Tickets for an Israel-Argentina friendly in Jerusalem next month with Barcelona star Lionel Messi expected in the line-up sold out within 20 minutes, the Israeli company handling sales said, AFP reports.
The Le’an agency said on its website that nearly 100,000 fans applied for 20,000 tickets when they went on general sale on Sunday evening.
“No sporting event has ever caused such hysteria in Israel,” it wrote.
Prices ranged from 44 shekels (about $ 12) for children and soldiers to 825 shekels in the VIP area.
Another 5,000 places went to supporters of the Israeli national team in a pre-sale reserved for them and over 4,000 tickets were to be distributed to children from needy families.
The game will take place on June 9 at the Teddy Stadium in Jerusalem which has a capacity of 31,733 seats.
On social media networks, tickets were being resold for up to 4,500 shekels on Monday.
Argentina will play against Haiti on May 29 and then Israel just one week before their first match in the World Cup against Iceland on June 16 in Moscow.
In Group D, Messi’s men will face Croatia on June 21 and Nigeria on June 26.
Israel finished fourth in Group 7 in qualifying for the World Cup, behind Spain, Italy and Albania.
They last qualified in 1970.
In the past, Argentina have played Israel several times in friendly matches, usually before the World Cup, suffering a 1-2 defeat in 1998 but crushing the Israelis 7-2 in 1990 with Maradona at the helm.
The June 9 game will start after dark so that observant Jews can reach the stadium or watch it on TV without violating their Sabbath, which runs from dusk on Friday to sunset Saturday.
During the weekly day of rest the Jewish faith forbids travelling by motorised transport and the use of electricity.
Meanwhile, Messi is so desperate to win the World Cup with Argentina that he would trade success with Barcelona to triumph in Russia this summer, Soccernet reports.
Messi, 30, has been on the losing side in four finals with Argentina, including the World Cup final in 2014 against Germany in Brazil.
Titles with Barca have not been so hard to come by – Messi has won 32 trophies since making his first-team debut, including a domestic double this season.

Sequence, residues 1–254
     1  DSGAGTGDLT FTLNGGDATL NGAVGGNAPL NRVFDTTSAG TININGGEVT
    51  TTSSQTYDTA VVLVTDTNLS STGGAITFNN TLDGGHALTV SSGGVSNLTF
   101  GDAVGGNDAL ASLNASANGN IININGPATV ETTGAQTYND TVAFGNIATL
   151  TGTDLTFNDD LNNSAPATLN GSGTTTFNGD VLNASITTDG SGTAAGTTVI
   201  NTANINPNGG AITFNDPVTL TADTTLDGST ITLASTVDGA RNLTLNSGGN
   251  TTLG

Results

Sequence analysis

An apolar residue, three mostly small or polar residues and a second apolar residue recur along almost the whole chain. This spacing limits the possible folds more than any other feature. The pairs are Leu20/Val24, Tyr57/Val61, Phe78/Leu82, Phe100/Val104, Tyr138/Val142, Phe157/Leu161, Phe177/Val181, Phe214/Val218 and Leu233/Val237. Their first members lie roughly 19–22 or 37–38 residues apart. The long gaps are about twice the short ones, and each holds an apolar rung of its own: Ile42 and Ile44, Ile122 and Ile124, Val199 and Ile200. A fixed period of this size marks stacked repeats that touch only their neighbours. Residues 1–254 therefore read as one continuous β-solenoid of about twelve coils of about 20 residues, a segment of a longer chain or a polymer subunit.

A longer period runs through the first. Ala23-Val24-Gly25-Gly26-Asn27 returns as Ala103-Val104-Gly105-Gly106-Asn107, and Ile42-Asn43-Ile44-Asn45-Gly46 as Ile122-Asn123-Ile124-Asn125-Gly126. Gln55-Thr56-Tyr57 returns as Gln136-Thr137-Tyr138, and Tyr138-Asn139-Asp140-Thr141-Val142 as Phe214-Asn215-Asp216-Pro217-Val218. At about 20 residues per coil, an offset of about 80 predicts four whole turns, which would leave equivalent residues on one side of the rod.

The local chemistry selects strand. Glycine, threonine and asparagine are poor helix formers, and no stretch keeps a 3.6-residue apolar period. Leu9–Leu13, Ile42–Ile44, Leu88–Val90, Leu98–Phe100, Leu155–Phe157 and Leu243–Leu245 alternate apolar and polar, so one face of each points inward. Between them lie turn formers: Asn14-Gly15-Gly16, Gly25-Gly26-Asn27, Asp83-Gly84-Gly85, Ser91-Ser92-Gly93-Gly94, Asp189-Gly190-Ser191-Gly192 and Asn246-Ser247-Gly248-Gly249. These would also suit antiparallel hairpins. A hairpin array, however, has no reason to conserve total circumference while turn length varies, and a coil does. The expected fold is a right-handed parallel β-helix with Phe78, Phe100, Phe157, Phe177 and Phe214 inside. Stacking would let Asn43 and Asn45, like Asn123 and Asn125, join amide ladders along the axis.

However, he says he would be willing to forgo another title with the Catalan club if it meant he could finally get his hands on the World Cup trophy.
“Winning the World Cup is a huge personal challenge for me, for the group [of players Argentina have] and for the country, who have the same dreams as us,” he told El Trece. “It’s a nice responsibility to represent a whole country at a World Cup.
“I would swap a title with Barcelona for one with the national team. While I want to win things again with my club, I want to win something with the national team.
“I know it would be special for what it means, to be (world) champions with Argentina would be different to everything, it would be something unique.”
Since an extra-time defeat to Germany four years in the World Cup final, Argentina have lost two Copa America finals, too, both times on penalties against Chile.
The Albiceleste struggled to hit the heights which carried them to three successive finals in qualifying for this summer’s World Cup, though, needing a Messi hat trick to beat Ecuador as they booked their place in Russia in their final match.
Their poor performance in qualifying, coupled with a 6-1 defeat to Spain in March, mean they are not among the outright favourites going into the finals.
“We have a really complicated draw,” Messi added. “Iceland showed they can compete with anyone at the (Euro 2016), Croatia have a great midfield and it’s always tough for us against Nigeria.
“I have a lot of faith in this group, though. We’re working well, we have players with ability and experience, but we have to take things slowly. We don’t want to send the message ‘We’re going to win the World Cup because we’re the best…’ because the reality is we aren’t.
“There are various favourites at the moment. Brazil are one. Spain, Germany… they’re some of the best teams right now.”
Messi, who joined Barca as a 13-year-old, would have already won a World Cup if he defected to Spain as a teenager.
“A friend of mine told me that I’d now be a world champion already if I’d played for Spain, but it wouldn’t have been the same,” he said.
“Being a champion with Argentina would be something unique. I was 16 years old and, half in jest and half serious, the coach of the Under-17s put it to me (playing for Spain).
“It happened in Finland and Cesc (Fabregas) was my teammate at the time. That’s where it all stems from, but at no time did the thought or any doubts cross my mind.”